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Post Work Diet Chaos

HW-Post-work-diet-blog

While the world sits down for dinner in the evening after work, most urban Indians reach home to a snack with tea or drinks between 6-8 pm . According to diet recalls, most people report peak hunger at this time, consume unhealthy food and extra calories, ending up creating dietary disasters.

This is largely due to easy availability of oily, starchy & processed snacks and poor planning. So extreme is the need to eat, that many grab the first thing they can reach out to. Typical snacks include fried namkeens, chips, biscuits, samosas, kachoris, pakoras, pizzas, noodles and sandwiches. Worse still, this may be followed by a round of alcoholic drinks and snacks ending with a hearty dinner and rounded off with a favourite dessert close to midnight.

Evening is certainly the time when hunger strikes the hardest and self control is at its weakest. Whether it is physiological or psychological is hard to distinguish. Perhaps, it is both. Irrespective of the amount eaten at lunch, this time coincides with the greatest need to eat, when the day’s stress and pressure eases (whether at home or at work). Food certainly is great comfort and perfect partner to de-stress with, thereby, also becoming an internal stimulus to eat.

Eating inappropriate snacks in the evening and pushing dinner late into the night compounds the dietary mess. Not only does it increase the caloric intake, it also loads up the system at the wrong time. No wonder almost every other urbanite complains of hyper-acidity, gastritis, constipation, irritable bowel syndrome (IBS), fatigue, sleeping disturbances and expanding waistlines. Unchecked, this eventually results in dyslipidemia (high cholesterol), high blood pressure, increased uric acid, diabetes and even cardio-vascular disease.

According to research, eating late into the night can disturb hormonal balance and predispose to developing obesity, high blood pressure and diabetes.

Circadian rhythms are regular mental and physical changes that occur in course of a day and influence hormones including insulin and leptin associated with diabetes and obesity.

Disturbed circadian rhythms also adversely affect blood pressure, gastro-intestinalfunction, immunity, mental alertness and concentration.  According to recent studies, even the obesity gene exhibits day-night variation, increasing during night after eating.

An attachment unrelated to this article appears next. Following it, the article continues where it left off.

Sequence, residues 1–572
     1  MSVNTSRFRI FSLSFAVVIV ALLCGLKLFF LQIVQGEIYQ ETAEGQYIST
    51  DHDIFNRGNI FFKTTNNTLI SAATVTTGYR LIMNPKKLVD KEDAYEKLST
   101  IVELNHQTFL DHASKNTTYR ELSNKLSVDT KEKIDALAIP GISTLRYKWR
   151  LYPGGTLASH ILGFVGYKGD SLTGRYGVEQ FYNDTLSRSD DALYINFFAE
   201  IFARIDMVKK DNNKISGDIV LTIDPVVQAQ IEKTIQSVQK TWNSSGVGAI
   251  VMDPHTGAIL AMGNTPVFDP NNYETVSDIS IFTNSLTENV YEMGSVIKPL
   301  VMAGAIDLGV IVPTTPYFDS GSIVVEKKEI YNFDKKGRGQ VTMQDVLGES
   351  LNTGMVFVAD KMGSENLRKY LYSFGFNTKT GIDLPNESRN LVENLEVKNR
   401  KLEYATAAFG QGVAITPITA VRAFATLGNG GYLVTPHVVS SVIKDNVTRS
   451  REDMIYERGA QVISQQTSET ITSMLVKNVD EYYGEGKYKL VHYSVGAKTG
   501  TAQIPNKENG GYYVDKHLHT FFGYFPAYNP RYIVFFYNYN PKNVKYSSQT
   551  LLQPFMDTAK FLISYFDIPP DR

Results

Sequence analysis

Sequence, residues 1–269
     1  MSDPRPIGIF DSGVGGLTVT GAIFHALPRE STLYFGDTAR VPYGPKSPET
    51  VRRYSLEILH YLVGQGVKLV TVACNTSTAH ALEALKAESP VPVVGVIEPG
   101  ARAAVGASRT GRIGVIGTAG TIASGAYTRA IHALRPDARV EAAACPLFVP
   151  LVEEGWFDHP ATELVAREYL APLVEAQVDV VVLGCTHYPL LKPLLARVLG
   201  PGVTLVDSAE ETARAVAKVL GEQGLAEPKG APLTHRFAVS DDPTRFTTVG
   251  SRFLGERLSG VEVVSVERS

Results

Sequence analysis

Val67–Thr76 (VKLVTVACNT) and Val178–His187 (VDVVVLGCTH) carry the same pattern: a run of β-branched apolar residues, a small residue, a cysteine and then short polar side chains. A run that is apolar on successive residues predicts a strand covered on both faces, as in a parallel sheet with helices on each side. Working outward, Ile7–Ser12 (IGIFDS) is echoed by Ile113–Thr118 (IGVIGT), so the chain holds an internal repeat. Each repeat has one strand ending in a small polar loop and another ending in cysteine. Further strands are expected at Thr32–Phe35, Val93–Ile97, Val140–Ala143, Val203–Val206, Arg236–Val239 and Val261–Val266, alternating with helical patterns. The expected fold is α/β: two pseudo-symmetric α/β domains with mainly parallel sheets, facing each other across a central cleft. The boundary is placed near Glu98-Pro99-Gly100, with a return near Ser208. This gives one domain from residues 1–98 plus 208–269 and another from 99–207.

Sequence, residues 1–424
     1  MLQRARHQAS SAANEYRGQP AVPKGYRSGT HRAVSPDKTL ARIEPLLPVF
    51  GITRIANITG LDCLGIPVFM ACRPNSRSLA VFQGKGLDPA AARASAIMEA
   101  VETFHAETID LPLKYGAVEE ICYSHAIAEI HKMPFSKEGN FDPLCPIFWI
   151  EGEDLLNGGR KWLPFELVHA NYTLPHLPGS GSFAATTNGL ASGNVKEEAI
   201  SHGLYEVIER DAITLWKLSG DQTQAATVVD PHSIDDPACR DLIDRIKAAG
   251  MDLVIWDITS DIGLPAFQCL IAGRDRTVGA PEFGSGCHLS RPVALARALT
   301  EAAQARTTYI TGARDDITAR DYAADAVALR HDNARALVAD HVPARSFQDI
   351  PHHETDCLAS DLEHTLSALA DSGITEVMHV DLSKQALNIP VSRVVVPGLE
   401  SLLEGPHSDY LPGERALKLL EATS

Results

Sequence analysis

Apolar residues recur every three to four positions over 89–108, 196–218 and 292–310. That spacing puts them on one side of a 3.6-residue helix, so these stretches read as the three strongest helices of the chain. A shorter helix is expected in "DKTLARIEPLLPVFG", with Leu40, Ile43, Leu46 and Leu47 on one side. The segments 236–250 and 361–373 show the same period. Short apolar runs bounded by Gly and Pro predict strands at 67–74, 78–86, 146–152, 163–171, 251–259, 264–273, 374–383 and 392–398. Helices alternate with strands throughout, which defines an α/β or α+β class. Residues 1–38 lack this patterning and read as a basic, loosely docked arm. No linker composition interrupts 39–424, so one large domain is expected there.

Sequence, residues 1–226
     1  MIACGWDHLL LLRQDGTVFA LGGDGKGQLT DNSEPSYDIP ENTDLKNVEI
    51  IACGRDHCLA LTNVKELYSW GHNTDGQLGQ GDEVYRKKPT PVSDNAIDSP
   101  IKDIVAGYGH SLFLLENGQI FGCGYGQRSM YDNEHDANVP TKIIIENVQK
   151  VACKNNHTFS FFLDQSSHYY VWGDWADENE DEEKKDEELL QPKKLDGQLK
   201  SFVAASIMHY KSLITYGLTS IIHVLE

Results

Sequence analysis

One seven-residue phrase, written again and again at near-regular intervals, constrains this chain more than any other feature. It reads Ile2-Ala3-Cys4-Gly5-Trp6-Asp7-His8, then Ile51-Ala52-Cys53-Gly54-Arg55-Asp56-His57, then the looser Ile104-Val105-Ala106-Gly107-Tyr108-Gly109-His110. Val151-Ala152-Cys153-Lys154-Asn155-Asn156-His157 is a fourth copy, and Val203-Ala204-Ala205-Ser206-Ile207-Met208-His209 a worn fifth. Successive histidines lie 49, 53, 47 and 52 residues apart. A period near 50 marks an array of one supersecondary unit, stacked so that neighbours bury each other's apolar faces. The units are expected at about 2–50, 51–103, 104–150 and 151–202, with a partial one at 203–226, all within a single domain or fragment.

Coupled with altered circadian rhythms, consuming high calorie, oil laden, high salt & sugar and dangerous trans-fats along with sedentary lifestyles and stress is a lethal cocktail.

Why is it that we cannot change our snack time into meal time? For those at home, this should be a simple solution. Those who cannot because of work constraints, eating healthy snacks only requires a bit of planning ahead.

People who consume alcohol regularly, an option could be to pre-pone drinking or else learn to do like globally done- drink after meals. For those who work until late, breaking up the mea and dividing calories- between office and home would help prevent loading up calories late at night.

Even according to traditional Indian wisdom and principles of Ayurveda, eating large meals after sun-down is undesirable. Call our expert nutritionists to plan your meals and ensure a healthy lifestyle.

Changing meal time and eating the last meal 3-4 hours before bed-time helps improving energy levels and resolving several digestive complaints. When you dine out, eating a light home cooked meal or snack like vegetables, yogurt, nuts, seeds, dal or salad  before leaving for a party can prevent excessive hunger as you reach the party. Decrease your food intake as you progress into night.

Simply eating a healthy meal when you are hungriest will do great service not only to your waistline & your gut, but also prevent several serious degenerative diseases.

 

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